Based on a survey led by Kronos in 2017, interviewing 614 HR leaders from organizations with 100 to 2,500+ employees, 46% of HR leaders say employee burnout is responsible for up to half of their annual employee turnover (Source: Kronos, 2017).
The world’s leading organizations are known for employing the best and the brightest to navigate high-pressure environments, complex projects, and regular organizational changes. And when their employees hit overwhelm, burnout and exhaustion? They are looking for a new job.
As a peak performance and stress management coach, I recently talked to a new client, the HR director of a mid-sized tech company in Silicon Valley. She reached out to me, because she was looking to make a change in her career. She told me she felt like she hit a plateau and was unsure if the company could still provide her growth and development. When I asked her if she had taken a few days off during the Holidays to reset, she burst into tears.
No, I have been working pretty much every day through the Holiday…
…she admitted, apologizing for the tears and seemingly feeling a bit embarrassed about the reaction that my question had brought up. She mentioned that she had been working non-stop: a co-worker had just handed in her resignation, work was falling back on her and her company was just going through a merger while she was taking care of her 14-month old baby. She felt sleep-deprived, restless, overloaded with problems and had no time for herself.
A lot of scientific research proves that extreme levels of stress don’t only influence our physical well-being, but also our cognitive processing: elevated levels of cortisol influence brain function such as decision making.
She was not the first client that had come to me with the exact same issue and conclusion.
Do employees need a new job or a new habit?
The top talent, I also like to refer to them as high achievers, that are working in industries such as tech, consulting and VC, have learned to push through no matter what’s asked of them. Along the way, they have accumulated extremely unhealthy habits:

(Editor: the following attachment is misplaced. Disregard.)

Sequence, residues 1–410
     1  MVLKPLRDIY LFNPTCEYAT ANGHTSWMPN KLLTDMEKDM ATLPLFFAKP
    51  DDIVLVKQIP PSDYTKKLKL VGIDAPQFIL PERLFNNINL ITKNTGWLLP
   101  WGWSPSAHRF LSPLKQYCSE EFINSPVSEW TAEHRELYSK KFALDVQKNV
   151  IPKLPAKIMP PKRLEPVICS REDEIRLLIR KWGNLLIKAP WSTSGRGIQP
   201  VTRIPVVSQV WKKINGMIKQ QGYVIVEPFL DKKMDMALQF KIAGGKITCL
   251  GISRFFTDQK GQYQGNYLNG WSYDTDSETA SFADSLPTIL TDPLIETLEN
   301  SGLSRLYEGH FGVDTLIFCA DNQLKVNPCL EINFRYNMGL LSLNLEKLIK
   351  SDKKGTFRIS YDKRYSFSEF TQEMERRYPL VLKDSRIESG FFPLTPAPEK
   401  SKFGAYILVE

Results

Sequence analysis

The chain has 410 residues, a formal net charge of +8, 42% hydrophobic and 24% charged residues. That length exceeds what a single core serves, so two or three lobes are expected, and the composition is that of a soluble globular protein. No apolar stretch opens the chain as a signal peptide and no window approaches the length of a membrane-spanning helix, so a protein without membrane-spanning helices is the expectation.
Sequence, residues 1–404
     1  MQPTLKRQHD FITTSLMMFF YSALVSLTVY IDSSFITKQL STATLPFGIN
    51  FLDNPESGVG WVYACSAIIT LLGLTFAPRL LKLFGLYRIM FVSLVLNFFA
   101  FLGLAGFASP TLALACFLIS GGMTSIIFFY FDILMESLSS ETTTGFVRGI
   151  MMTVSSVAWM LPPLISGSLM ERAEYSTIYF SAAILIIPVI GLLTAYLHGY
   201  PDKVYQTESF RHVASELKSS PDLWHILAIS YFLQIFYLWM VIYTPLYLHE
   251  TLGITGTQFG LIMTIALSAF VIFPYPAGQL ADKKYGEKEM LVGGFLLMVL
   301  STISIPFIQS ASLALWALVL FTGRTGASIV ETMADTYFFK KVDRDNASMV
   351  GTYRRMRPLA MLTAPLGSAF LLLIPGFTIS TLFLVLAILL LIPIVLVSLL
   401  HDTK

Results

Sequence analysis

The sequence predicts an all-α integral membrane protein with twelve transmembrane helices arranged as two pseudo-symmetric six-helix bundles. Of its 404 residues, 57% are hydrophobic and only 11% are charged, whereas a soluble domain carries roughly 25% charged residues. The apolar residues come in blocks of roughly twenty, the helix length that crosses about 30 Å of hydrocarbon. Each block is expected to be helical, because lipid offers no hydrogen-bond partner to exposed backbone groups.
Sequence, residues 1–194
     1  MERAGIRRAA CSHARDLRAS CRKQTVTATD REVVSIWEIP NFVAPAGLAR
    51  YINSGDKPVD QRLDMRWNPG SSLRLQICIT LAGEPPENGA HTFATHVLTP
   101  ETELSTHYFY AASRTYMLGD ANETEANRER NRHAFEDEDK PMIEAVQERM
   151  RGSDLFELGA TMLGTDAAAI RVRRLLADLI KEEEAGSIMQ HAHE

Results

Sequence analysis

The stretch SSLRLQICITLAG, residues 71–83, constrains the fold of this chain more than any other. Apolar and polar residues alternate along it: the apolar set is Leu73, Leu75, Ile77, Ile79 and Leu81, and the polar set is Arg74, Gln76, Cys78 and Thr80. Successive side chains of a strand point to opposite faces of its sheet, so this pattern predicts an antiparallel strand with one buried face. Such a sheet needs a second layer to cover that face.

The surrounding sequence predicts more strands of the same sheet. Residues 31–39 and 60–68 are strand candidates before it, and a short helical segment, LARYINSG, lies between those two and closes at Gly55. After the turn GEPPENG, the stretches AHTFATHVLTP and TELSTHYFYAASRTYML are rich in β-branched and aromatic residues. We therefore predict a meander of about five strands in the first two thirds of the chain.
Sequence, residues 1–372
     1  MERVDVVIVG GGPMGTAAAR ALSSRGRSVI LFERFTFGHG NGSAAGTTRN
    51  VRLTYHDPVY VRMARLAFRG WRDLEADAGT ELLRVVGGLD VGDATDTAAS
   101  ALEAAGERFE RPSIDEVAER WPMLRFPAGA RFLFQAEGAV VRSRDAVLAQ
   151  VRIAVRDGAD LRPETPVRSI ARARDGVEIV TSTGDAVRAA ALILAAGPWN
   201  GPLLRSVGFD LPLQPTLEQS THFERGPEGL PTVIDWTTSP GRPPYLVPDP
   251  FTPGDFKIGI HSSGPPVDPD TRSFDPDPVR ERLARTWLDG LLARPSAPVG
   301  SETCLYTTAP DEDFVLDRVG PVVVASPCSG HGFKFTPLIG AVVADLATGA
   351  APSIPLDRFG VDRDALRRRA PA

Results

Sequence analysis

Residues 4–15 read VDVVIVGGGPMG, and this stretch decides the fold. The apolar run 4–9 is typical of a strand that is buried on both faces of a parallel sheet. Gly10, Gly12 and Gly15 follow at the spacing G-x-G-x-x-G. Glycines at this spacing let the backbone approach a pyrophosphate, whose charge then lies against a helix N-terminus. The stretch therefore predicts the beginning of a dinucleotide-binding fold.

1) Working 100 hours per week
2) Being constantly connected
3) Always putting themselves last when it comes to self-care
So when they hit their limits or a plateau, they think the only way out is to blame it on the job itself. They don’t realize that their unhealthy habits that they have accumulated over the years are responsible for burnout and exhaustion.
Here is the thing: in the first 6 months or so while they are in the honeymoon phase of a new career, they might feel better. But as soon as they are fully ramped up and challenges, like shortage of staff, new projects and late nights hit again, they will fall into the exact same bad habits.
What are your options?
Before considering a career change the next time, ask yourself: do you need a new job or new habits?
Here are your options:
- Stay with your job, improve your habits
- Change job, stay with your bad habits
- Change job, change your habits
Get back to peak performance
Here are a few habits that have proven to be extremely powerful in decreasing stress levels and keeping high achiever status:
- Manage your time wisely, and prioritize what’s most important
- Set better boundaries with co-workers, and learn how to say “No” on additional work projects
- Establish daily routines to decrease the amount of decisions you need to make during the day
- Spend at least 30 minutes each day to exercise, no matter if you go outside for a walk or hit the gym for an intensity training
- Know your values, and act accordingly. What is more important to you? Your career or your long-term physical and mental health?
Burnout is only one reason why employees leave their job. But if you can identify with the story above, think about working on your peak performance habits before looking for a new job. Or if you are choosing to make a career change, ensure to improve your peak performance habits. Because here is the secret: the investment in your daily work habits will be what ultimately helps you succeed in your career in the long-run.
Learn more at: www.peakperformancemethod.com